In my last blog I discussed the final rule adopting X12 Version 5010 for HIPAA transactions. There are key differences that should be noted besides the many changes to segments and elements. Three of the important changes for version 005010 are Version/industry group ID (GS08), ST03 element, and the 999 Implementation Acknowledgment. The three sections to follow will address each of these areas. Continue reading
For many EDI analysts, the “997 Functional Acknowledgment” [EDI transaction] is a necessary, but little observed, piece of the overall EDI process…one that informs recipients that an EDI transaction has been received. But, there is much more to the 997 than you might think as it is, after all, called a “Functional” Acknowledgement. So what exactly are its’ functions?
The 997 acknowledges receipt of one or more transactions; it reports specifically based on X12 Syntax (not backend application) data compliance. The 997 (could) use up to a total of six different segment types in the “body” of the transaction (between the ST and SE segments), and is dependent on the level of detail being reported. At minimum, the AK1 (Functional Group Response Header) and AK9 (Functional Group Response Trailer) segments must be present. These simply report that a specific Functional Group (GS/GE envelope) has been received. This segment pair also includes the number of transaction sets received and accepted [e.g. Accepted, Accepted with Errors, or Rejected]. This is considered a simple or “Summary” 997 since it references an entire group of transactions (e.g. IN-Invoices) rather than to individual transactions (e.g. 810-Invoices). Continue reading
On January 16, 2009, United States Department of Health and Human Services published a final rule adopting X12 Version 5010 for HIPAA transactions.
The compliance dates for Version 5010 for all covered entities, is January 1, 2012. This gives the industry time to test the standards internally to ensure that systems have been appropriately updated, and then to test with trading partners before the compliance date.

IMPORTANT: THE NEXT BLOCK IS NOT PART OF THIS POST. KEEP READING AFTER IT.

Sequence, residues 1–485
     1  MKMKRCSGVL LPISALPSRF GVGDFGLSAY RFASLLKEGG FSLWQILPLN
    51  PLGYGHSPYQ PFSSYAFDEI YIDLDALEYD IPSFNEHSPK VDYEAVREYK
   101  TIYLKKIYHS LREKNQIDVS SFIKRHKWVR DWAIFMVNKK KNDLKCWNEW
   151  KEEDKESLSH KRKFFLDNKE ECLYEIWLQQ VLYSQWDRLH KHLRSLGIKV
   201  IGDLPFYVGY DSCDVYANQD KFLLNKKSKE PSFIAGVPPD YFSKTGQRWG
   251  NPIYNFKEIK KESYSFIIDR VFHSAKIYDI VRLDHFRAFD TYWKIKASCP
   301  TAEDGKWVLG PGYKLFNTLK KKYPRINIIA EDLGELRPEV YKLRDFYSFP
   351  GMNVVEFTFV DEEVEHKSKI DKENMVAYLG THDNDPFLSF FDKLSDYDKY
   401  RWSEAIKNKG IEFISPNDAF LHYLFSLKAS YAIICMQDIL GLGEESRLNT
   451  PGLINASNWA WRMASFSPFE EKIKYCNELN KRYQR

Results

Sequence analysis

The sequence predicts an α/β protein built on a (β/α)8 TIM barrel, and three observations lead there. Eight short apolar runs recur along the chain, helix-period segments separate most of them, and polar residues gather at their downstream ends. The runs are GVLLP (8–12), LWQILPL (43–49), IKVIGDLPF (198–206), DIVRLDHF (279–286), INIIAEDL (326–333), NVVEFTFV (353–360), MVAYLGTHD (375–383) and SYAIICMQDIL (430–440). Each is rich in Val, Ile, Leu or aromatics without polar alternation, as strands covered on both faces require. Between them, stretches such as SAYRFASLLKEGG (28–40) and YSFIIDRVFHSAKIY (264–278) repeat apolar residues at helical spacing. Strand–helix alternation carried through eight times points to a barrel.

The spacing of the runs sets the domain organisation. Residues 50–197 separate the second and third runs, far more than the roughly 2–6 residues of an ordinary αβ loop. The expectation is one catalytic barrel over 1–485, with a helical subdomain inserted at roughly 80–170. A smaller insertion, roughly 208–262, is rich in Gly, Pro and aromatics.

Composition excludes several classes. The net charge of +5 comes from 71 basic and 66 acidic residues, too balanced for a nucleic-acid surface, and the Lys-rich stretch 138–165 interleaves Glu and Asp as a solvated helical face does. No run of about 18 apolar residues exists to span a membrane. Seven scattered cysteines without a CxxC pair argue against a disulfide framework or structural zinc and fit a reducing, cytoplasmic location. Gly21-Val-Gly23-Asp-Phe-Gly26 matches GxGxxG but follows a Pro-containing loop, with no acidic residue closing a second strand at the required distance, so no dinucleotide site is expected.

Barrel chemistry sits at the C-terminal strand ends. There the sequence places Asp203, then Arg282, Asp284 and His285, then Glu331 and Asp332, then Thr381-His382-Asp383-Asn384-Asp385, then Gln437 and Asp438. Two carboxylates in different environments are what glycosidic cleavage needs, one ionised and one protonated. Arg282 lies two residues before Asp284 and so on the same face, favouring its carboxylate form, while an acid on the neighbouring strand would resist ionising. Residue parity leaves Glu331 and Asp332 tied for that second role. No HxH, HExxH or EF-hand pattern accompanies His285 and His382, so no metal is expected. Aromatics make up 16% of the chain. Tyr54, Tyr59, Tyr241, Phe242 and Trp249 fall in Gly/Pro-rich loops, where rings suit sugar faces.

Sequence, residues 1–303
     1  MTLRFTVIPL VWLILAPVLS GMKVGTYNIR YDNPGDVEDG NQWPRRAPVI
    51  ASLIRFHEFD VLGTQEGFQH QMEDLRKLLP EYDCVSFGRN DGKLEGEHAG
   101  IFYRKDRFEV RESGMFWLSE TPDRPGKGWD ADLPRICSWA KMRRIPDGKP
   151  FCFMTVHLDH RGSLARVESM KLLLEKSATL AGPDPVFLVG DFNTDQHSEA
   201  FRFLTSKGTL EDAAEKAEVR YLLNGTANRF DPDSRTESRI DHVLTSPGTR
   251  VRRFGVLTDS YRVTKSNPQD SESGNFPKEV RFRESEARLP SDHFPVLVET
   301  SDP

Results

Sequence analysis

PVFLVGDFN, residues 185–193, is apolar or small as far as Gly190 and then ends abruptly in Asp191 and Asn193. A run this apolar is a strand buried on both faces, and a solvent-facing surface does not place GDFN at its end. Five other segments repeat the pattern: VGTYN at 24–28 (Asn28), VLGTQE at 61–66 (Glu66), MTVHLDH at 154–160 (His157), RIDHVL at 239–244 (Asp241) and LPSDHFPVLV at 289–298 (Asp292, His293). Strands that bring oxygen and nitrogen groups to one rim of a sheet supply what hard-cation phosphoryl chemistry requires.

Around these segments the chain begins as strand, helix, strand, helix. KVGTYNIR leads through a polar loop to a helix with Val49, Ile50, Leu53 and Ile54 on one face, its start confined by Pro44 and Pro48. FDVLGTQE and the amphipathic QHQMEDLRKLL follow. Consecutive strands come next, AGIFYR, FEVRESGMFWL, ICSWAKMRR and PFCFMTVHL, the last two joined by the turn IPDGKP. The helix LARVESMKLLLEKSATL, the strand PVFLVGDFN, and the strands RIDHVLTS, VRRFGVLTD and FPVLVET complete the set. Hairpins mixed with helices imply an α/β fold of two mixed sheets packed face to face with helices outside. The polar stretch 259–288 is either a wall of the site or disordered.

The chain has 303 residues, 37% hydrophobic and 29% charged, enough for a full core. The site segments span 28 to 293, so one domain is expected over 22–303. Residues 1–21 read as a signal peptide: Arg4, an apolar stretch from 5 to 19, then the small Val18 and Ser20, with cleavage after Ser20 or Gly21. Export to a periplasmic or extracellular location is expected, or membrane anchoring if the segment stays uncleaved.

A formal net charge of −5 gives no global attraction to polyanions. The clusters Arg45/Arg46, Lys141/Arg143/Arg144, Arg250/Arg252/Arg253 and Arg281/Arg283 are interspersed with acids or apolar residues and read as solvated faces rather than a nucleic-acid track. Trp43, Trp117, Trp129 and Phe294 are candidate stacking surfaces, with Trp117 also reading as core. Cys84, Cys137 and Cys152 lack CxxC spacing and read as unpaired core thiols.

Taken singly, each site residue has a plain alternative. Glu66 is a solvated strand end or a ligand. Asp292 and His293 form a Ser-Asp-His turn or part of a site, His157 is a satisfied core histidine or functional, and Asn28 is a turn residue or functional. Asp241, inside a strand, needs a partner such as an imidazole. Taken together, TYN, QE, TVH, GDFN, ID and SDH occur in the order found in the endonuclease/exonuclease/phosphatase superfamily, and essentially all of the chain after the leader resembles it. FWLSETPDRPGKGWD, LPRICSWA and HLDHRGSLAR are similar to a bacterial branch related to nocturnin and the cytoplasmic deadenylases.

This final rule adopts updated versions of the standards for electronic transactions originally adopted under the Administrative Simplification Subtitle of the Health Insurance Portability and Accountability Act of 1996. In addition, this final rule adopts two standards for billing retail pharmacy supplies and professional services, and clarifies who the ‘‘senders’’ and ‘‘receivers’’ are in the descriptions of certain transactions.
The improved eligibility responses will improve efficiency for providers and reduce phone calls for both providers and health plans. Continue reading
The Healthcare industry is being mandated by the Government and HIPAA legislation to convert from X12 version 4010 to version 5010. Most companies aren’t being mandated by the government to switch versions, but by their strongly influential Trading Partners.
I think back to the late nineties when version 4010 came out and what a struggle it was for many Trading Partners to convert to that version. Most EDI Coordinators are fearful of those same struggles when going from 4010 to 5010 or any other version. Converting from one version to another version doesn’t have to be a major headache.
There are two main areas of consideration during your Version Conversion project: translation support and application support. Continue reading
For my inaugural post on this blog, I want to revisit one of those “solved problems” that still dogs many of the companies we talk with, namely, how to handle B2B integration requirements that don’t involve standard EDI. Companies still find it difficult to cope with the full range of B2B connections and content types needed to integrate with large and small trading partners, including:
- Standard EDI (and in some cases, EDI that does not fully conform to standards)
- “Standard” XML, which ranges from well-developed, horizontal standards like RosettaNet to hundreds of loosely-defined vertical transaction sets
- EDI-like flat file standards (most of these are older, vertically-focused cases)
- EDI-based web forms
- Proprietary, partner-defined flat files
- Proprietary, partner-defined spreadsheets
- Proprietary, partner-defined web portals
- Proprietary, partner-defined documents sent by email or fax
Did I miss any? Probably. But the point is that standard EDI is just one of numerous conventions used for B2B integration. Of course, standard X12 and EDIFACT EDI are still the mainstay of B2B integration. And there is little evidence to suggest that companies are ready to invest in replacing all of their EDI connections with something “better”. In fact, EDI adoption is increasing.